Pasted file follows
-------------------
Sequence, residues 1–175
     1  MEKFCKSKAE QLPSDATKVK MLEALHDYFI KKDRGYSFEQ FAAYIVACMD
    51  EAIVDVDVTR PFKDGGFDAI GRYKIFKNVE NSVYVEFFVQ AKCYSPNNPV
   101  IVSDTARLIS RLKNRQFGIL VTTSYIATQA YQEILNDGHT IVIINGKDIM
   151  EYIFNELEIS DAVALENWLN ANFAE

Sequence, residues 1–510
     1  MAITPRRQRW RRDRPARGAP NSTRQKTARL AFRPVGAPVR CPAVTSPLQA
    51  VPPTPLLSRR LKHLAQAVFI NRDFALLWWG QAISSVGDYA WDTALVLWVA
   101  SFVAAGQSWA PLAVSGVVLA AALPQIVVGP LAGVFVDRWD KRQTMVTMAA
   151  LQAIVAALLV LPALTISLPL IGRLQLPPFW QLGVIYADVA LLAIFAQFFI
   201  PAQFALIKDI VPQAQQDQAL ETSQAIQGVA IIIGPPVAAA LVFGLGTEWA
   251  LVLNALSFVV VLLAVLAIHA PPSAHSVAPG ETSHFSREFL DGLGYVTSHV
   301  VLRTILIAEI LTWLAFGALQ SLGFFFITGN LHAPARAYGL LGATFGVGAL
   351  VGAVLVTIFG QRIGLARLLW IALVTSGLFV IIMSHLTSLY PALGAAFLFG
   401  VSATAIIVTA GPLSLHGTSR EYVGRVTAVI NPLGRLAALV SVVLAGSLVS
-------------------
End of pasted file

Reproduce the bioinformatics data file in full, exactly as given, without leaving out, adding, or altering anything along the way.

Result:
Sequence, residues 1–175
     1  MEKFCKSKAE QLPSDATKVK MLEALHDYFI KKDRGYSFEQ FAAYIVACMD
    51  EAIVDVDVTR PFKDGGFDAI GRYKIFKNVE NSVYVEFFVQ AKCYSPNNPV
   101  IVSDTARLIS RLKNRQFGIL VTTSYIATQA YQEILNDGHT IVIINGKDIM
   151  EYIFNELEIS DAVALENWLN ANFAE

Sequence, residues 1–510
     1  MAITPRRQRW RRDRPARGAP NSTRQKTARL AFRPVGAPVR CPAVTSPLQA
    51  VPPTPLLSRR LKHLAQAVFI NRDFALLWWG QAISSVGDYA WDTALVLWVA
   101  SFVAAGQSWA PLAVSGVVLA AALPQIVVGP LAGVFVDRWD KRQTMVTMAA
   151  LQAIVAALLV LPALTISLPL IGRLQLPPFW QLGVIYADVA LLAIFAQFFI
   201  PAQFALIKDI VPQAQQDQAL ETSQAIQGVA IIIGPPVAAA LVFGLGTEWA
   251  LVLNALSFVV VLLAVLAIHA PPSAHSVAPG ETSHFSREFL DGLGYVTSHV
   301  VLRTILIAEI LTWLAFGALQ SLGFFFITGN LHAPARAYGL LGATFGVGAL
   351  VGAVLVTIFG QRIGLARLLW IALVTSGLFV IIMSHLTSLY PALGAAFLFG
   401  VSATAIIVTA GPLSLHGTSR EYVGRVTAVI NPLGRLAALV SVVLAGSLVS